She tossed and turned through the night, trying to find a cooler, comfortable spot on her pillow.  What would tomorrow bring?  What would they do if morning signaled another searing day of this heat wave?  As she tried to nod off to sleep, she whispered her prayers and thanked the Lord for yet another day and that she lived in this century.

That scene may sound like a vignette from yesteryear, back in my grandmother’s day before electricity and modern appliances, but in reality, it described our house last Friday night.  A violent thunderstorm blew into our area, bringing gusty winds, rumbling waves of thunder, and wickedly long, jagged bolts of lightning along with torrents of rain that resulted in flash flooding.  Trees downed across power lines, transformers on fire, and a host of other problems across our area were the end result.  We lost power around 5 p.m.

Let me just state right here, for all to read, I am a wimp.  I am way too dependent on my household appliances and electricity at the flip of a switch.  When the weather turns monstrously hot and humid, I rely on air conditioning, big box fans, and my refrigerator’s ice maker to keep me sane.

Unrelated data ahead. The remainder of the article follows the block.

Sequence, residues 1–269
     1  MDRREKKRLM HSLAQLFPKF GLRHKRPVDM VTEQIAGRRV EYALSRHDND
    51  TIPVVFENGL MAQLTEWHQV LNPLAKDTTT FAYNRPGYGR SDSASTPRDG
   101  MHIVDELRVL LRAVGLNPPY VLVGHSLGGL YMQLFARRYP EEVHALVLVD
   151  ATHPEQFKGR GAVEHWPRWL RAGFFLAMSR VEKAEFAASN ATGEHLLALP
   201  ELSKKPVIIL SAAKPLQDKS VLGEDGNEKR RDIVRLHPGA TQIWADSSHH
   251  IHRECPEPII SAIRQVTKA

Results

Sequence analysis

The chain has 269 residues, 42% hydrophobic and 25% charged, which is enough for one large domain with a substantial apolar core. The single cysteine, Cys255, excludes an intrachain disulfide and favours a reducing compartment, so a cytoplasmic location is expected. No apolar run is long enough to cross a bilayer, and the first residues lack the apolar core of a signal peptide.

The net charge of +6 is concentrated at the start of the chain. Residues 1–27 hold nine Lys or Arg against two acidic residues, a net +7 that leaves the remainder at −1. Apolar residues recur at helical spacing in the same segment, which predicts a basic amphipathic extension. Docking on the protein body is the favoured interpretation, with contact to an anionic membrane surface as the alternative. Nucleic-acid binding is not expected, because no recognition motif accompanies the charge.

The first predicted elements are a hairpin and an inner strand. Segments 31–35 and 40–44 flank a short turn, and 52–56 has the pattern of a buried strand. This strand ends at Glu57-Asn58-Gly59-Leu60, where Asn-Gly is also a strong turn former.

Neither hubby nor I slept well without power, not just because we had no air conditioning, but because we kept waking up asking each other, “Is the power back on?”

blogDSCN7817And it wasn’t.  The next morning, still no electric.  No electric meant no cooking (and no pickle making either, by the way).  Using the side burner of our propane gas grill on our back yard deck, we heated a kettle for a cup of tea.  Then we decided to acclimate ourselves to the heat by working in the garden.